Our problem is no longer unwillingness to spend on infrastructure, it's inability

Outsourcing government policy since 2010

As my colleague George Eaton wrote this morning, the political top-line from the government's announcement of a £50bn infrastructure program is that it signals a gruff acceptance of Keynesian economics:

The delusion that the coalition's spending cuts would increase consumer confidence and produce a self-sustaining private-sector-led recovery has been abandoned after Osborne's "expansionary fiscal contraction" turned out to be, well, contractionary.

But getting wonkish about it, there is something interesting buried in all this about how the government has chosen to execute this volte-face. Rather than simply borrow the money – at interest rates so low that it would basically be paid to do so – it has announced that it will guarantee the private loans of any company which fulfils certain requirements.

Doubtless part of the reason is political. This way, the government can confidently state that they aren't adding anything to the deficit, even though this way of borrowing is functionally identical to doing it the standard, on-the-books way. But part of it will be because infrastructure investment is really hard.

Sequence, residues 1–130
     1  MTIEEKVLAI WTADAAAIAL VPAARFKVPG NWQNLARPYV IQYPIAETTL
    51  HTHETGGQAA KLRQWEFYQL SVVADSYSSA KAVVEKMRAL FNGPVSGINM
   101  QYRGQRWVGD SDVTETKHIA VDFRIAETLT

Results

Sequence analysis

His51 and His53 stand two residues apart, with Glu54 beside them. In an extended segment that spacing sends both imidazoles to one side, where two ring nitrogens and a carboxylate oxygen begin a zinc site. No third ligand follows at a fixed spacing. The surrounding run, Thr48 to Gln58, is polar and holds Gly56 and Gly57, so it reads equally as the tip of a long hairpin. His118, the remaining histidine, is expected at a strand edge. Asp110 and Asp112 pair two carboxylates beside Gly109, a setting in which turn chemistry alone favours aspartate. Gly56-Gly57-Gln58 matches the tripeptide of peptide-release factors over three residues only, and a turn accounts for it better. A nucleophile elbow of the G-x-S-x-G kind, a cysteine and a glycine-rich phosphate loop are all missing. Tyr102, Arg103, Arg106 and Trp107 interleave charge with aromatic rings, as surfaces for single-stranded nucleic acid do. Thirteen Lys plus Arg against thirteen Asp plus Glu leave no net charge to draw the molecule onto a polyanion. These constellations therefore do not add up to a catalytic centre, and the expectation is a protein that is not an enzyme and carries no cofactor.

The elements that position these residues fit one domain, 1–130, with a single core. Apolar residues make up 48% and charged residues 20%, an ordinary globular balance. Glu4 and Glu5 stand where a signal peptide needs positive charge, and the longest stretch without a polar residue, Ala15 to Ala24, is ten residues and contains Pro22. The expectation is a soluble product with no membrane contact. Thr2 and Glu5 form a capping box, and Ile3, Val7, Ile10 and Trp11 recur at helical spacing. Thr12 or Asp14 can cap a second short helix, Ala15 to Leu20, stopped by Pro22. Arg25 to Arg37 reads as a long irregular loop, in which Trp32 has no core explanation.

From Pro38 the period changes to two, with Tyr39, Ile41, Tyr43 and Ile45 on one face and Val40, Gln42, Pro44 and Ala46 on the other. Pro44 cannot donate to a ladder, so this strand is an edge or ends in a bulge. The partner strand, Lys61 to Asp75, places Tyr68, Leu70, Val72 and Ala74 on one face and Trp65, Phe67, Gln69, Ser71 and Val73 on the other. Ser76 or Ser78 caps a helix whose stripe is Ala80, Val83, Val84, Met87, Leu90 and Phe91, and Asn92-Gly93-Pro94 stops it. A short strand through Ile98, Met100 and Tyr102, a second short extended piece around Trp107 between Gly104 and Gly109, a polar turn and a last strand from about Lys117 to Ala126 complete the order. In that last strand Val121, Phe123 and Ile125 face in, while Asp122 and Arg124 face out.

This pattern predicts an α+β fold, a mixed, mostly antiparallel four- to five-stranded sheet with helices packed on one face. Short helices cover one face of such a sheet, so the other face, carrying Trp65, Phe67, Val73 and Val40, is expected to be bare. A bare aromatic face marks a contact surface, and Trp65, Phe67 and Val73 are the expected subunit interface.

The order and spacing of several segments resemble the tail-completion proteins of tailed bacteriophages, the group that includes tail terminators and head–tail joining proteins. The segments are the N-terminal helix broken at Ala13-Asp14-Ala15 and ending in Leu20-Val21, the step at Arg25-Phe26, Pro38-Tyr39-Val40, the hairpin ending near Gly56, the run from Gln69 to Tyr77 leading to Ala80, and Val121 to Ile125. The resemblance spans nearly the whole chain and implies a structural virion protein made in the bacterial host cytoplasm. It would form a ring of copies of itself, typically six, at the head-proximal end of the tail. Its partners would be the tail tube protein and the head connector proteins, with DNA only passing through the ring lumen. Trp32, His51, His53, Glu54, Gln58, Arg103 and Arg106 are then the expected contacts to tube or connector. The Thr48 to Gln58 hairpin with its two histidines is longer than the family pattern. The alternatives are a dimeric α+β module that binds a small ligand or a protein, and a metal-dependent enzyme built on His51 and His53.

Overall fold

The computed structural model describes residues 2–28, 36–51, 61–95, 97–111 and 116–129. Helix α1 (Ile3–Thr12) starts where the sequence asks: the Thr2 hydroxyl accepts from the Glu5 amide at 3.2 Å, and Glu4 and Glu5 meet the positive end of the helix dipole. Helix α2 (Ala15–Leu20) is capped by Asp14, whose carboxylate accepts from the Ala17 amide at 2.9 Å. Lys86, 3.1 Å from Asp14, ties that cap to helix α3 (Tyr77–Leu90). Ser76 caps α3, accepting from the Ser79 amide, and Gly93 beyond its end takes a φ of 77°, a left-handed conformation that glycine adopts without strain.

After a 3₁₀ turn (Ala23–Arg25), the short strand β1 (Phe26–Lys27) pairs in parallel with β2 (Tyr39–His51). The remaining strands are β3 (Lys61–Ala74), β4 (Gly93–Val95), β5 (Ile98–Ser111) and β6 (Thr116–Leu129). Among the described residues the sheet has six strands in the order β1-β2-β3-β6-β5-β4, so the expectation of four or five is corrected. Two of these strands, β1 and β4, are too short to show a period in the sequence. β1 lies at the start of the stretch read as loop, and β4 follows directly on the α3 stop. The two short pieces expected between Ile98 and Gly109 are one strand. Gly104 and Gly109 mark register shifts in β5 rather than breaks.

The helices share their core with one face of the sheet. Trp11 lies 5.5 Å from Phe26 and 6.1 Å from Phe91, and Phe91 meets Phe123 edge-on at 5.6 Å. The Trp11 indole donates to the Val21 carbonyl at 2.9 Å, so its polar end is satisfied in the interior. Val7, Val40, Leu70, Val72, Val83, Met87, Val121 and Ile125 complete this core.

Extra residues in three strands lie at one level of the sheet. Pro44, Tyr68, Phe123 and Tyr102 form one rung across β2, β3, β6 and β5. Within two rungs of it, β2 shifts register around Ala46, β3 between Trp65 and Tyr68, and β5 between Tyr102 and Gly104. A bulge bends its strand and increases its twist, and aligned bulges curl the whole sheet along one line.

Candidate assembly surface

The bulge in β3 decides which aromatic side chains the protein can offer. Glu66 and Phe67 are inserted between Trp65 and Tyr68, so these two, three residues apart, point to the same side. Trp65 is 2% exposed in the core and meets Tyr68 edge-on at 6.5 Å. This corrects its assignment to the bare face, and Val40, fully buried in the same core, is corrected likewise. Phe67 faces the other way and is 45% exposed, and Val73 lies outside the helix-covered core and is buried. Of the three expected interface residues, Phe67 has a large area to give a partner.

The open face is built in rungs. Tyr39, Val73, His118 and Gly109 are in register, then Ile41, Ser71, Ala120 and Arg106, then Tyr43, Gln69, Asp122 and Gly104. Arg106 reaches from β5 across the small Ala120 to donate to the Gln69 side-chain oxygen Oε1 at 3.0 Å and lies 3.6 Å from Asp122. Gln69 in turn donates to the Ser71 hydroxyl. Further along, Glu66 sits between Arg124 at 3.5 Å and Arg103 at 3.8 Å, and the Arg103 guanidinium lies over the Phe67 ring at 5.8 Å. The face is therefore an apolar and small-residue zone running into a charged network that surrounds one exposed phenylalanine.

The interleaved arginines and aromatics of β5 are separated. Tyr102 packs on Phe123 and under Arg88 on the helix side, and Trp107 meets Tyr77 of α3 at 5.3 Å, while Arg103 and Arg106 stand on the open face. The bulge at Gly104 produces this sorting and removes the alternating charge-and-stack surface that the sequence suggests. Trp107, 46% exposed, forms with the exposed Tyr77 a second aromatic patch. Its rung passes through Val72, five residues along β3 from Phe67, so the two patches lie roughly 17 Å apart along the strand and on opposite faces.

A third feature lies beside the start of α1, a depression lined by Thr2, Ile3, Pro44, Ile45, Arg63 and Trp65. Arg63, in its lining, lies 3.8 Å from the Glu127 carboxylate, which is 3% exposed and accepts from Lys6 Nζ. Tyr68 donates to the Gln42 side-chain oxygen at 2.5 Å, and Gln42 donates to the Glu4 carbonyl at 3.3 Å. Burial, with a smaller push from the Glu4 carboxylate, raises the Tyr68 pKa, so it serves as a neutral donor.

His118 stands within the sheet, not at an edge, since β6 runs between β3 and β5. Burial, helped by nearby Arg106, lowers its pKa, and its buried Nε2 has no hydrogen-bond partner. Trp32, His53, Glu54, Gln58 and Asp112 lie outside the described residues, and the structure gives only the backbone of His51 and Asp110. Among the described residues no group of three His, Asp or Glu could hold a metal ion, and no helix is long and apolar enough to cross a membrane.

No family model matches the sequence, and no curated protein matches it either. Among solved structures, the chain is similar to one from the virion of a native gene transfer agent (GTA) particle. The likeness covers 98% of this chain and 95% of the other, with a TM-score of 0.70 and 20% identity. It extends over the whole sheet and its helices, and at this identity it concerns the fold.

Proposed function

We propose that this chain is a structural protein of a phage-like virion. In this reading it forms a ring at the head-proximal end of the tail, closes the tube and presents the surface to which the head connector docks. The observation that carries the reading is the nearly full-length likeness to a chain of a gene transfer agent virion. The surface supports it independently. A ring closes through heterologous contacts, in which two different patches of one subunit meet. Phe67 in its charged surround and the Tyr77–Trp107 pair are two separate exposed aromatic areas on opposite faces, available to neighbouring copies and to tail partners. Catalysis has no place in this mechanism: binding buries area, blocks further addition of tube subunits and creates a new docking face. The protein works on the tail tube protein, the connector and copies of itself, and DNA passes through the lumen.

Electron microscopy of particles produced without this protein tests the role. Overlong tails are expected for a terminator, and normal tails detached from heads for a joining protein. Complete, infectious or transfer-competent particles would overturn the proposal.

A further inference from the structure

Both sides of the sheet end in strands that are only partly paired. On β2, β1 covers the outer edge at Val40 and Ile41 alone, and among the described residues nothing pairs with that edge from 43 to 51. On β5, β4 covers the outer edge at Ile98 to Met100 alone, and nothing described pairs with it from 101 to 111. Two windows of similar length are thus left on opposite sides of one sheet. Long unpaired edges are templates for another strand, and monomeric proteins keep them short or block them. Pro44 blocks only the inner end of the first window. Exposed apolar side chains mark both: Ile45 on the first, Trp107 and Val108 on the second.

According to the FT:

To qualify for the new guarantees, projects must be ready to start in the 12 months from the offer being made and Treasury officials say they will be monitored to ensure they would not have gone ahead in any case.

The thing is, there just aren't that many shovel-ready projects simply lying around the place, and certainly not big flashy ones. Although the government is proclaiming that the Thames tunnel, the Mersey Gateway toll bridge and the A14 road widening in Cambridge could all be helped with the money, it's usually more mundane things which are the easiest use of infrastructure spending. Forget high-speed rail and airport islands, and focus on sewers and road resurfacing.